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Our national policy conversation on how to respond to all this is still very limited. A rising wage floor is obviously vital but on its own it’s likely to result in ever more poorly paid workers bunched around it (a trend we are already seeing). And clearly it is vital to get the big policy choices right. Slack in the jobs market is a big barrier: with the price of labour still falling and sixty applicants chasing every low-skill job, employers feel little pressure to make more of their workforce. Our falling unemployment rate will need to come down a fair bit more before this changes.

Punitive marginal tax-rates on the working poor are also a problem. Here the design of Universal Credit is pivotal: in theory it provides an opportunity for progress but as things stand once introduced more people will see their effective tax-rates go up than down.

At root, though, pay progression requires increased labour productivity – as well as an equitable sharing of the resulting gains. Yesterday the CBI shone a bright light on the problem of big, labour-absorbing, low-skill sectors (like retail, transport, administration and leisure) arguing that if over the next decade they matched the levels of productivity in their US counterparts this alone would raise the UK’s GDP by 9 per cent and enable a 2.4 per cent per year boost in real pay.

Most of us will nod along with the very familiar line of argument that a pre-requisite for making this sort of shift would be a major step-up in business investment and, over the longer term, improved school-age educational attainment. But is that all? What role, if any, is there for public policy to encourage, incentivise or pressure employers to think differently about job design, career-steps and access to training?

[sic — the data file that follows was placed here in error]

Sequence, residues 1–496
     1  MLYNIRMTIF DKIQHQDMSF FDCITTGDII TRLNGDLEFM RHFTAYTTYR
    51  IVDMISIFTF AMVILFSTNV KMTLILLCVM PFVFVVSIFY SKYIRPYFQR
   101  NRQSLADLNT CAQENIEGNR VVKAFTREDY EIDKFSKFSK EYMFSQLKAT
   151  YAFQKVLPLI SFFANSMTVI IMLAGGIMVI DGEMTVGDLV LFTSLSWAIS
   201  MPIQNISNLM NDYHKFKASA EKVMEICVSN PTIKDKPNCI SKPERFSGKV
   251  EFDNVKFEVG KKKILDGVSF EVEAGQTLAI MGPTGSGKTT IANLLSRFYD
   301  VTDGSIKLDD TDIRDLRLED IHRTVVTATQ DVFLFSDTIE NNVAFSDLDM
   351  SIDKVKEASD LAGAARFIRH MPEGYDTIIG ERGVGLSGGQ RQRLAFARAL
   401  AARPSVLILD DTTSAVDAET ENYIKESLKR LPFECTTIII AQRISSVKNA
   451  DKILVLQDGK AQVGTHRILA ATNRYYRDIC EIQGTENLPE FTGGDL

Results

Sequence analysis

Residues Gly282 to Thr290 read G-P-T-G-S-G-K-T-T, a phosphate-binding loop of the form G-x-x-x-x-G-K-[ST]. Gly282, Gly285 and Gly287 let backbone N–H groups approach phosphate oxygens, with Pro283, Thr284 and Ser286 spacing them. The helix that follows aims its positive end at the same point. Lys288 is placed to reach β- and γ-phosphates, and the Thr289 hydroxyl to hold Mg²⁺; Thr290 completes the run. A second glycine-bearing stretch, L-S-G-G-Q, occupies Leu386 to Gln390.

Conventional wisdom holds that any delving into how employers utilise their workforce and pay their staff is off-limits. And you can understand the nervousness: as a former policy-maker the very idea of Whitehall-inspired HR policies makes me wince. Then again, only a few years ago it would have been seen as an illegitimate intrusion for policy-makers to challenge employers in our leading professions to change their recruitment practices so as to increase access for talented applicants from disadvantaged groups. Now cross-party consensus exists on these efforts.

Perhaps a mixture of evidence about successful approaches to progression, using the leverage of existing forms of tax-payer support (what do the low paid get out of the £5bn of employer tax-relief linked to workplace training?) and a beefed up remit for a body like the Low Pay Commission, could be used to challenge and cajole big employers to set out clearer stepping stones out of low pay.  

Social mobility across the generations is – quite rightly – a flag that all governments want to rally around. Yet making a difference to it, certainly within the lifetime of a single parliament, is generally beyond their reach. Twinned with what can look like contradictory research findings on what’s actually happened to social mobility this can become a recipe for scepticism and fatalism. There are, however, things that can be done. We could start by improving the plight of today’s workers stuck in low pay. When it comes to mobility, let’s not make the best the enemy of the good.

Gavin Kelly is chief executive of Resolution Foundation